Certified Copy doesn’t resort to such self-reflexive tricks; instead, Kiarostami offers multiple metaphors for his central question that keeps the audience on its guard. There is the painting in the museum that, for two centuries, was believed to be from Rome, but that had recently been discovered as being a forgery from Naples. It now hangs as a multi-layered object: what it is and what it is a copy of. But can’t it exist on its own? It’s not like the original painting wasn’t a copy of real life. Later, James and Elle visit a fountain with a statue that is meant to depict true love. Next to it, the strained relationship between the flesh and blood couple seems diminished. Which is more of an approximation?
The director playfully toys with the visuals throughout the film. Scenes often appear on two planes, with one actor present in the frame and another visible from outside the shot, seen as a reflection in a mirror or glass. Kiarostami is creating copies of his own performers, calling attention to the artifice through the construction of his image. The day out for James and Elle is a relationship occurring at warp speed. It escalates from nervous first impressions, through getting to know each other and straight into commitment, and then into exasperated familiarity. Amusingly, throughout their walk, the other couples the pair meet keep getting older and older, newlyweds to feeble senior citizens.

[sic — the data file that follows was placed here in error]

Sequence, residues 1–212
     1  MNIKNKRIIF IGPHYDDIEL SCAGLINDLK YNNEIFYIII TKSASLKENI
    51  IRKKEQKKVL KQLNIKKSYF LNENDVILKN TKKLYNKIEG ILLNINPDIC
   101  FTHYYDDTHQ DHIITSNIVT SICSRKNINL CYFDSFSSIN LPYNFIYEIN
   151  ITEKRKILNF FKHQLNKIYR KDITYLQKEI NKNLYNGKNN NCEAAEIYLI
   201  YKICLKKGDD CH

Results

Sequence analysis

Juliette Binoche is a treasure. I think she’s incapable of a bad performance. She is the gravitational pull that dictates which way the tide flows in Certified Copy. Hers is a fully inhabited performance, complex in its emotional range. There are moments of tremendous heartbreak, but she also expresses hope and joy and frustration with equal strength. Her face is a sophisticated tool, capable of conveying any thought or emotion. The less-experienced Shimell can’t quite keep up. There are times when his acting appears mannered and put-on, usually when he is peering directly into the camera. It doesn’t really hurt the film, but you can’t help but wonder how much better Certified Copy could have been if Binoche were sparring with a champion of equal strength.
In addition to the scenes where we see one of the actors reflected in a random surface, we also get two scenes, one for each character, where James and Elle regard themselves in a mirror. (Like Shirin, what they are looking at, arguably, is us.) It’s in these moments that both seem to be making a decision of how much they are willing to reject the invention. If a fake life is as legitimate as a real one, then there is no reason to go along with it. Or, depending on how you choose to see it, they are maybe discarding the illusions and excuses that have kept them apart. The veracity of the experience is in the purview of the individual viewer, which could be Abbas Kiarostami’s most appropriate object lesson yet: how much you choose to accept his fiction only reinforces Certified Copy‘s driving conceit.